Just as I wouldn't apply the exact same ingredients, and techniques, to all beer styles, applying the same techniques to all mead types/styles is unwise (at best).

Maybe you should actually read MY posts again.
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Old 12-12-2012, 10:36 PM   #18
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GD, I was going through the posts on the mead section and seeing how different some of the mead makers make mead here with their beer brewing backgrounds as being different from winemakers making mead. Most beerbrewers I understand dont care about the total acidity of their brew because the ingredients are not acidic. As your last post in this thread shows you dont seem to have an understanding of the total acids in wines. Yes, you would have to be stupid to add acid to a high acidity fruit, but winemakers know how to measure the total acidity of the must and adjust it with acid blend for each batch. Adding acid blend is not the same as adding sulfuric acid, there are many things that contribute to the total acidity, and its only a part of the pH. There is very little acidity in honey, once its diluted in the must its hard to even taste, so adding some acid to a traditional mead would bring the pH down to where the yeast prefer and give a healthier fermentation and help keep the must from being contaminated.

As far as degassing, if you let them bulk age enough you wouldnt have to degass, but sometimes even a year in a carboy they still have some gas, reducing the CO2 reduces the sharp taste, not a problem in beer as its supposed to be part of the taste, but in a still mead or wine its not supposed to be there so removing it is beneficial to the final taste.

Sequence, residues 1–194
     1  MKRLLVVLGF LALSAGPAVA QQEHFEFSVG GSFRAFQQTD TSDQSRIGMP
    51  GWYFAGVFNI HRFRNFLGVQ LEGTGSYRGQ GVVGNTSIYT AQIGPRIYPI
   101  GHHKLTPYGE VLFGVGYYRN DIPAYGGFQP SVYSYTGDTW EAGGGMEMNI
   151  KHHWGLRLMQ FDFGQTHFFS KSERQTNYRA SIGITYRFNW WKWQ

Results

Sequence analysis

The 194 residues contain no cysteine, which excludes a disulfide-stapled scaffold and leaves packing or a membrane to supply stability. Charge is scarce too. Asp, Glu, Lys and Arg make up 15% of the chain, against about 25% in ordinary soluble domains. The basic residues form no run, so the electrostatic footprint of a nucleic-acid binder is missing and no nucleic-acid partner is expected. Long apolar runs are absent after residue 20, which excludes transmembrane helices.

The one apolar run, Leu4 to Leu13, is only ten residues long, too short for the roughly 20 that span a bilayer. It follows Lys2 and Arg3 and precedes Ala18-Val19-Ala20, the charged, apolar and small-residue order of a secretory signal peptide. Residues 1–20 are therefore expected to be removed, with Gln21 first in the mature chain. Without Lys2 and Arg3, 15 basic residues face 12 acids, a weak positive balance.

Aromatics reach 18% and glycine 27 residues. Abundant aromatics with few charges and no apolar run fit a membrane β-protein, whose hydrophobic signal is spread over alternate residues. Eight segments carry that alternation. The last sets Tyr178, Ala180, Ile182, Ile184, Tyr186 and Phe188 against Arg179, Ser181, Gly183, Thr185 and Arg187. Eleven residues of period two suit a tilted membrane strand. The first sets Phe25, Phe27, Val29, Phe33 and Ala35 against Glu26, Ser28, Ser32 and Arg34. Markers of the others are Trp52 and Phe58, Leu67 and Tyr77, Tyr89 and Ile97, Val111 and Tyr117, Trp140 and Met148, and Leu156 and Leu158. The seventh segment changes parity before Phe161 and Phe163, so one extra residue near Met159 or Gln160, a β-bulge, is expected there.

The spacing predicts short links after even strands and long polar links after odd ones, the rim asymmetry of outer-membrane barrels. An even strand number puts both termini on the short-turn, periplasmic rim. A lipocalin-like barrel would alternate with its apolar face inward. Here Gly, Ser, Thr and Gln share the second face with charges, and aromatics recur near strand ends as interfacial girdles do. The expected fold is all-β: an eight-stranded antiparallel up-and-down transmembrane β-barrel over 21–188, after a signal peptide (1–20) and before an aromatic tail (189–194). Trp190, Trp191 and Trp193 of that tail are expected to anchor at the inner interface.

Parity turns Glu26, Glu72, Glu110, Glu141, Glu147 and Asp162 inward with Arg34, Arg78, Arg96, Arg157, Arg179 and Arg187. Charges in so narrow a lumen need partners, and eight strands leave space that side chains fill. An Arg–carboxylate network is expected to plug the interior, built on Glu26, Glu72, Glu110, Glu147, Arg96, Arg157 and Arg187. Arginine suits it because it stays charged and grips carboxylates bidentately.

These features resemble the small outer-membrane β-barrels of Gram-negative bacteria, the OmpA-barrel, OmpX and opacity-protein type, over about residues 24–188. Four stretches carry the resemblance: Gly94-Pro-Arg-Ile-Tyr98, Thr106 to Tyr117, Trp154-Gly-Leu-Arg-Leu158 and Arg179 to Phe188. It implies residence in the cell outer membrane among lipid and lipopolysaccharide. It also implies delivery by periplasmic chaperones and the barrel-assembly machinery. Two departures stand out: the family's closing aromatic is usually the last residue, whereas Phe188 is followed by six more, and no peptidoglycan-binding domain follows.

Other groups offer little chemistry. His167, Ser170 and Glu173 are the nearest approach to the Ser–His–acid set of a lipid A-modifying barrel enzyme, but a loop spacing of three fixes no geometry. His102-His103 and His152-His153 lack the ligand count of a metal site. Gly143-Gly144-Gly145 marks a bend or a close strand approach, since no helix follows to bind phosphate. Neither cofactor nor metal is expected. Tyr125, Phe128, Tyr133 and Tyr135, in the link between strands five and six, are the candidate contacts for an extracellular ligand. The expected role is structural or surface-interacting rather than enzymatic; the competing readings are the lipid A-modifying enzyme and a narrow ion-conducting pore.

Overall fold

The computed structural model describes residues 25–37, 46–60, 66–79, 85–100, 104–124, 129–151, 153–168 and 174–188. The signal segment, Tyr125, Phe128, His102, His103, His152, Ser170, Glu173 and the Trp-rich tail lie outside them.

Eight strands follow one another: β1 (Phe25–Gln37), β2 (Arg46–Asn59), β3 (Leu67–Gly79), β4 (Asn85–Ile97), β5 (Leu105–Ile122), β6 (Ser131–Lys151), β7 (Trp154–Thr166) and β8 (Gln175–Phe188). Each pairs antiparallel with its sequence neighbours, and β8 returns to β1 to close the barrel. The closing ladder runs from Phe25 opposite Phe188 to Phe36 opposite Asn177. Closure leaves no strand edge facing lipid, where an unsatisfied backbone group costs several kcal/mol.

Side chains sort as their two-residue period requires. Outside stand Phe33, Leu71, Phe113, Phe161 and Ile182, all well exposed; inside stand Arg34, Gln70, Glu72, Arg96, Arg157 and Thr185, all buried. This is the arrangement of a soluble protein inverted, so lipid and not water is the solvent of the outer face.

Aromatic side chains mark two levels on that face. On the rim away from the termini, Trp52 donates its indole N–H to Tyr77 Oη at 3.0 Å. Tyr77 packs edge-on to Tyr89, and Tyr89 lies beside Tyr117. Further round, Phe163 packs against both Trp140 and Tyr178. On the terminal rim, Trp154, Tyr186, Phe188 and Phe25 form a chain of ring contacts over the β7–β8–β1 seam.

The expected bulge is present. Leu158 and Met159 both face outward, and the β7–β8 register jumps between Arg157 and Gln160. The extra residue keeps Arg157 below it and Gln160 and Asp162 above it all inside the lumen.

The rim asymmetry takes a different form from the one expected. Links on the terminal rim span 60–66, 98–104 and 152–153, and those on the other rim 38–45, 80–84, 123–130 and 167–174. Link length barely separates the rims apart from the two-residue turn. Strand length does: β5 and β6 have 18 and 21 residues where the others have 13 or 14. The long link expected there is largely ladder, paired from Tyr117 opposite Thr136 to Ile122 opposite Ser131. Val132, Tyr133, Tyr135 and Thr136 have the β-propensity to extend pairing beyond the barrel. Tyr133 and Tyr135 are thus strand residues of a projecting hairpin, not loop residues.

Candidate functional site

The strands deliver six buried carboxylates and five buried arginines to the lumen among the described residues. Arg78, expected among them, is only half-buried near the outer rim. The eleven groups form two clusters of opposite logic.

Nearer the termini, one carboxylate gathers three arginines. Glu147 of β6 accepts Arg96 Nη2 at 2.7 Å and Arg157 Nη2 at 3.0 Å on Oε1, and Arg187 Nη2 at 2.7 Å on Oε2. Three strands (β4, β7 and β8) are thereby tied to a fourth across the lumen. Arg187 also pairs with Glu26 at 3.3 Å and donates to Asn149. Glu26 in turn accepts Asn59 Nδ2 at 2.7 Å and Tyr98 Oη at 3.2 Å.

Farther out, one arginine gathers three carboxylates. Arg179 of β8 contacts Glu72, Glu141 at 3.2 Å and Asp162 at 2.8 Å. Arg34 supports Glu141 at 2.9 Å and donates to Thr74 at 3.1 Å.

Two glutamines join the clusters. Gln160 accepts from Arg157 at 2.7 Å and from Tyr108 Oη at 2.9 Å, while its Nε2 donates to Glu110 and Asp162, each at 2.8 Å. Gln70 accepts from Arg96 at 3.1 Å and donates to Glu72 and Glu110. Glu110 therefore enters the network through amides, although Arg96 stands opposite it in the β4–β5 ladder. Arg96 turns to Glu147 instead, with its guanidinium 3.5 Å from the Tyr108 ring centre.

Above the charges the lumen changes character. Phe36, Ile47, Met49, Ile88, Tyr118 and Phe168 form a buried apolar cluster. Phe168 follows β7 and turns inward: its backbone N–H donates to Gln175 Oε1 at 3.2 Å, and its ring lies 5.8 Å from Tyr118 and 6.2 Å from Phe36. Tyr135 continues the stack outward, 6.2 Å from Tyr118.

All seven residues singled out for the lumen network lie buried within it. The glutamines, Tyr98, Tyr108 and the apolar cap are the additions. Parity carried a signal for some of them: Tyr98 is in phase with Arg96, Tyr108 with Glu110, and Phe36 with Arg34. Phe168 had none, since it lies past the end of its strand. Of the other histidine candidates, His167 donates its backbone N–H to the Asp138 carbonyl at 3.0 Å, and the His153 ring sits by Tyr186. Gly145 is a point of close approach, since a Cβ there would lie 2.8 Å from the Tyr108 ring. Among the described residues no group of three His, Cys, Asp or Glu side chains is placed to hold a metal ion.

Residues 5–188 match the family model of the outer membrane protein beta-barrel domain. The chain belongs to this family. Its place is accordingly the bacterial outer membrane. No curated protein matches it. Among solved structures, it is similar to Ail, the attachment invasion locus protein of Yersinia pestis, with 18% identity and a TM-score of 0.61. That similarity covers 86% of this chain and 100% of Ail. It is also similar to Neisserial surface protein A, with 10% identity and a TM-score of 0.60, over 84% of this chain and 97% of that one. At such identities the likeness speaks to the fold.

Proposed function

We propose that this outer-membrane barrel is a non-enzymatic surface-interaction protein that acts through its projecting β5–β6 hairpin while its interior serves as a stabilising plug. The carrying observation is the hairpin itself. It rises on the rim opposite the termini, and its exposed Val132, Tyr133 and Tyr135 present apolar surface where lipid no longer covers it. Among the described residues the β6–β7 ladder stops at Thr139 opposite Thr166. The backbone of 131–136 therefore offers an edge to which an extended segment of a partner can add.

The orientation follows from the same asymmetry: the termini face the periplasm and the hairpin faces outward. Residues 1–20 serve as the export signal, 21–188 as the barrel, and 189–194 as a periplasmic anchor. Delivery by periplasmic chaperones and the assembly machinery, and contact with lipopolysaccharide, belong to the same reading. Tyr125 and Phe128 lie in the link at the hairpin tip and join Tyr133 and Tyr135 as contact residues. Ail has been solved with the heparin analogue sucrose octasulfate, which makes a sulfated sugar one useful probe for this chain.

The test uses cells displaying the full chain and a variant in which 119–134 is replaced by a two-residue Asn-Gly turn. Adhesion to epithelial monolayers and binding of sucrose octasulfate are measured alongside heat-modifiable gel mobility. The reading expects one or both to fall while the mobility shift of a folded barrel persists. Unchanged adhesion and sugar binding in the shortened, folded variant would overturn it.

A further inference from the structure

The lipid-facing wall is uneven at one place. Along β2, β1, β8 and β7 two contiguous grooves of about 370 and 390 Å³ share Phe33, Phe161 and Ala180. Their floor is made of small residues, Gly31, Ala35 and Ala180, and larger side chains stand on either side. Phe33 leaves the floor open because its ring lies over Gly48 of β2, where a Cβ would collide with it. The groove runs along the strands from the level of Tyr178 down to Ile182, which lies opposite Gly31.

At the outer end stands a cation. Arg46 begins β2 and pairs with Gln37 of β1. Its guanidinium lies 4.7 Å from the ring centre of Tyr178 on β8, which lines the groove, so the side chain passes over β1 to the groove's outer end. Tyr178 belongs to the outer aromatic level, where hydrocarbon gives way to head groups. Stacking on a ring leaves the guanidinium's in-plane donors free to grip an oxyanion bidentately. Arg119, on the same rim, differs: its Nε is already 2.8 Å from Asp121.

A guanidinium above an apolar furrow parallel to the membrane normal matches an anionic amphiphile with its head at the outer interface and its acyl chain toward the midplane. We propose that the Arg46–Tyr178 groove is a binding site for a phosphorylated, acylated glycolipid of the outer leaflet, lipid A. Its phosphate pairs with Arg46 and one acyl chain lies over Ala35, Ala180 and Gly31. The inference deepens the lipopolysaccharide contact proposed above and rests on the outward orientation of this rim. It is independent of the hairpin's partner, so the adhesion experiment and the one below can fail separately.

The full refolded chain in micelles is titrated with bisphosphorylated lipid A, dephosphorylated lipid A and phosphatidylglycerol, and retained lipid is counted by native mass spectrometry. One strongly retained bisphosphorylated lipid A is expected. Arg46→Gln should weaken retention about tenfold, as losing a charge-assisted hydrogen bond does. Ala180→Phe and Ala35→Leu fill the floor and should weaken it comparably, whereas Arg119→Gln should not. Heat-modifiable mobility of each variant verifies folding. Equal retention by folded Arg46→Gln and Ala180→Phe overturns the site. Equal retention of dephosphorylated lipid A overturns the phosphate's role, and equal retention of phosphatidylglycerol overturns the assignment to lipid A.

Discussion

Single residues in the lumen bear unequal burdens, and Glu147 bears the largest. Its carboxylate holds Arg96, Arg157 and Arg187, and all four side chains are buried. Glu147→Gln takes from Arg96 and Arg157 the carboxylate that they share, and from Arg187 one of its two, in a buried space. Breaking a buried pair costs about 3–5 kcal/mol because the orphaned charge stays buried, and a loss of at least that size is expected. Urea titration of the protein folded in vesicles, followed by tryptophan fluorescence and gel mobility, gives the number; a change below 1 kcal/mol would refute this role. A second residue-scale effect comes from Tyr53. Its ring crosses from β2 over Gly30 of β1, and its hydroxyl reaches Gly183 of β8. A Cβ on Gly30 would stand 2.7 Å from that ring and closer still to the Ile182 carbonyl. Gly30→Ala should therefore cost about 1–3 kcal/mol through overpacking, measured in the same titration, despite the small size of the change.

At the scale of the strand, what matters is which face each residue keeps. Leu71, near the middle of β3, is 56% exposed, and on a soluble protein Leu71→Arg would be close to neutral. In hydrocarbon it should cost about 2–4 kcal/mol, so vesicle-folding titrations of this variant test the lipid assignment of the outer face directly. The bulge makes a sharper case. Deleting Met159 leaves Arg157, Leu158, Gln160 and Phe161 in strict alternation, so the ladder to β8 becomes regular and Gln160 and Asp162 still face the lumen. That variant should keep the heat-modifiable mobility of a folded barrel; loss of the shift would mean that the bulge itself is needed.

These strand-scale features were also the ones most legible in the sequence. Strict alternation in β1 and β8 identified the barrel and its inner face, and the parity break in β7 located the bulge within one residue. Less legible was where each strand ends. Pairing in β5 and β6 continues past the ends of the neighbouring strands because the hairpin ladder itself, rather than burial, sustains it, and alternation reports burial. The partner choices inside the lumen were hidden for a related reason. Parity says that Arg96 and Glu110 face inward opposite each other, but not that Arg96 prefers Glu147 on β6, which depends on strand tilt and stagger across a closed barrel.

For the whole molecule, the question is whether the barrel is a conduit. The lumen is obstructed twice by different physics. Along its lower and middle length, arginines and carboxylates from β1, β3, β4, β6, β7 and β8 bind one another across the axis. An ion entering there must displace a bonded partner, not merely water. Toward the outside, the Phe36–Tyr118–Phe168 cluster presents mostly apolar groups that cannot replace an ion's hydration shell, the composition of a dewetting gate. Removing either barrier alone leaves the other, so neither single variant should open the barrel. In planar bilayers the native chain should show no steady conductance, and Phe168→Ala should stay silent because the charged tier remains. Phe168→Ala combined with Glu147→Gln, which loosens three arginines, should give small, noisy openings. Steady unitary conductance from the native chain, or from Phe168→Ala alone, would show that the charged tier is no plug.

I like 6 or 10 pounds of fruit per gallon in melomels and bring the sugar level up with honey and keep adding honey until it stops, then add a little before bottling to freshen up the honey taste so its kind of equal fruit, equal honey. Traditionally its more often made with so much less fruit that you can barely taste the fruit even if you add it at the end, you get a blush of a wine if you are lucky.

There is a book called Award Winning Wines by Bill Smith, he likes to get a fermentation going and then add the fruit at the end of the fermentation to preserve the fruit flavor, I think that is what the trend is in traditional mels, its a good book to read to give meadmakers some more insight on how to balance the entire batch, acidity etc and make a better melomel, and one that doesnt take a couple of years to drink. Ours with all that acid blend etc are good out of the carboy before they are even aged a year. I think if the traditional meads were made more balanced to support the health of the yeast a better product would be made and you wouldnt probably have to wait years for the offtastes to settle out before enjoying a bottle.

WVMJ

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Old 12-16-2012, 01:59 AM   #19